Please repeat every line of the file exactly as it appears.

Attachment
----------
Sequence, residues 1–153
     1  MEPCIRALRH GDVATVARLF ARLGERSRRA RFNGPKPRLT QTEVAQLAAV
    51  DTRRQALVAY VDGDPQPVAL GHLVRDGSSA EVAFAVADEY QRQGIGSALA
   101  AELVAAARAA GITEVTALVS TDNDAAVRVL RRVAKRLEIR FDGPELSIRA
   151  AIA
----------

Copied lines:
Sequence, residues 1–153
     1  MEPCIRALRH GDVATVARLF ARLGERSRRA RFNGPKPRLT QTEVAQLAAV
    51  DTRRQALVAY VDGDPQPVAL GHLVRDGSSA EVAFAVADEY QRQGIGSALA
   101  AELVAAARAA GITEVTALVS TDNDAAVRVL RRVAKRLEIR FDGPELSIRA
   151  AIA